One of the greatest benefits for me, of practicing mindfulness, has been to notice when I’m getting caught up in my stories and creating additional stress for myself.
Did you know that we react to imagined (perceived) threats in the same way that we react to a real threat? So for example, if I am rushing to a meeting and get caught in a traffic jam, and in my mind, I start worrying about what everyone is going to think of me for being late, how the meeting is going to be a disaster now, what if I don’t get there in time, what will “they” think, the physiological response in my body is the same as if I were to come face to face with a lion!
Through mindfulness practice, I become aware of my physical responses to the external stressor – my clenched fists on the steering wheel, tight jaw, scowling face, thumping heart, emotions of irritation and frustration, the thoughts about being late, the other bad drivers, and so on.
This is a situation that is completely out of my control and this reaction I’m having is not going to change it.
If I catch myself I can remember to breathe, remind myself that the situation is not actually life-threatening, and sometimes I’ve even been surprised, because in that moment, as I come back to the present, I notice the beautiful sky… feel compassion for the other drivers who are in the same situation that I’m in… and arrive at my meeting in a far calmer state and more able to contribute something of significance.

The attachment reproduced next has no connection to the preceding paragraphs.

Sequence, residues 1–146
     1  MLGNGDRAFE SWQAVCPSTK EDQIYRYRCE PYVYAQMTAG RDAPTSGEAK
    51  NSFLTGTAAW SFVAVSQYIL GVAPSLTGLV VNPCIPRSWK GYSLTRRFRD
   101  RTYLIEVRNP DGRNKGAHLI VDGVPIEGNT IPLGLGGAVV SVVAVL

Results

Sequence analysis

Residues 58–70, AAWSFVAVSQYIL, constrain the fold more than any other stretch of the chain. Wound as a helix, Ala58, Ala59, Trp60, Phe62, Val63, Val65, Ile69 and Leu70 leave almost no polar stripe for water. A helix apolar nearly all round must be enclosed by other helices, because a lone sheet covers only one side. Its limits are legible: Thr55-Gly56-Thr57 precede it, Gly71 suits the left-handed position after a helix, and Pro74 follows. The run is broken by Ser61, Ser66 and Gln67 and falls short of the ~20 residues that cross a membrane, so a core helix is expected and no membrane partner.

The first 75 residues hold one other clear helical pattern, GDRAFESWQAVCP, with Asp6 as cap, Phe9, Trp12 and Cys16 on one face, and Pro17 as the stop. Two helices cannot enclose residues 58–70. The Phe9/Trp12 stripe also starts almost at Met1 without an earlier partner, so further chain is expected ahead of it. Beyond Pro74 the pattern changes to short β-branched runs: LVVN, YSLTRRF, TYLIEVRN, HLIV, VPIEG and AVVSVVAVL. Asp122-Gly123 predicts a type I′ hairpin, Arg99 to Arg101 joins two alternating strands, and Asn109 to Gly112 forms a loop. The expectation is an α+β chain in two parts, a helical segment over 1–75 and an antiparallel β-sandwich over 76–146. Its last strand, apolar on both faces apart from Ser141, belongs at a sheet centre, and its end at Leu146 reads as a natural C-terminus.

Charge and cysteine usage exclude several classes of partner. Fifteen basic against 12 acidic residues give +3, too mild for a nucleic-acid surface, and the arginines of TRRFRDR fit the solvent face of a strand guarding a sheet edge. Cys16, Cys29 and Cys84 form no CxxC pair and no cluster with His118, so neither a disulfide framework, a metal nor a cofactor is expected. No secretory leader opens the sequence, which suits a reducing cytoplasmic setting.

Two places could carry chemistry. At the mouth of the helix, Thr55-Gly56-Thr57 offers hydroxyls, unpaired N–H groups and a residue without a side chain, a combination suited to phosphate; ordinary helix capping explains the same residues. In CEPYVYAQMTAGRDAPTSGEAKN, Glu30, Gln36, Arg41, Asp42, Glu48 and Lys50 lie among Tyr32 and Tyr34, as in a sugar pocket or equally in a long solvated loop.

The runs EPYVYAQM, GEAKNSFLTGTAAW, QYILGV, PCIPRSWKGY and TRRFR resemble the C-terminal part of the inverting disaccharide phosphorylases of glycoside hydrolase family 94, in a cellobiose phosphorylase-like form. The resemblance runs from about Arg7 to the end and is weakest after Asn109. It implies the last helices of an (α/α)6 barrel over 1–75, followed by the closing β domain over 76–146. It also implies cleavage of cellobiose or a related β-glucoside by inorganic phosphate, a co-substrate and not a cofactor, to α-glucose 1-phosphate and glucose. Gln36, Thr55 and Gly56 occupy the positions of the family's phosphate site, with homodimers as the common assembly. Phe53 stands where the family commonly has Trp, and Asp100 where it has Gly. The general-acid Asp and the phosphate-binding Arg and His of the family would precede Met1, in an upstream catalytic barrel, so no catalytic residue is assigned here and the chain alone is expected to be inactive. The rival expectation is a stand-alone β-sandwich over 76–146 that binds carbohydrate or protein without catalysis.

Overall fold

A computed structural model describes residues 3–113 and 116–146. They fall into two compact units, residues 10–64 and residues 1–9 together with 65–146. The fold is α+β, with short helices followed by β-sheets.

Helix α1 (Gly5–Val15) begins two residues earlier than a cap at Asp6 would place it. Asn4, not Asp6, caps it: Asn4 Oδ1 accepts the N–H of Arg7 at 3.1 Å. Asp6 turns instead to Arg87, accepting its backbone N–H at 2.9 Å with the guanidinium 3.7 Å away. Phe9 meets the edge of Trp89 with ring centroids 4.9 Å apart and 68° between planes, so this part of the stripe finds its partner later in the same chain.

Most times I’m not even late.
To find out more about our next Mindfulness Based Stress Reduction Program, please go to http://www.simplicitycoaching.co.za/mindfulness-coaching/
For an interesting talk by Jon Kabat-Zinn about “thoughts”, see this link: http://bigthink.com/videos/jon-kabat-zinn-on-meditation-and-thoughts-as-bubbles
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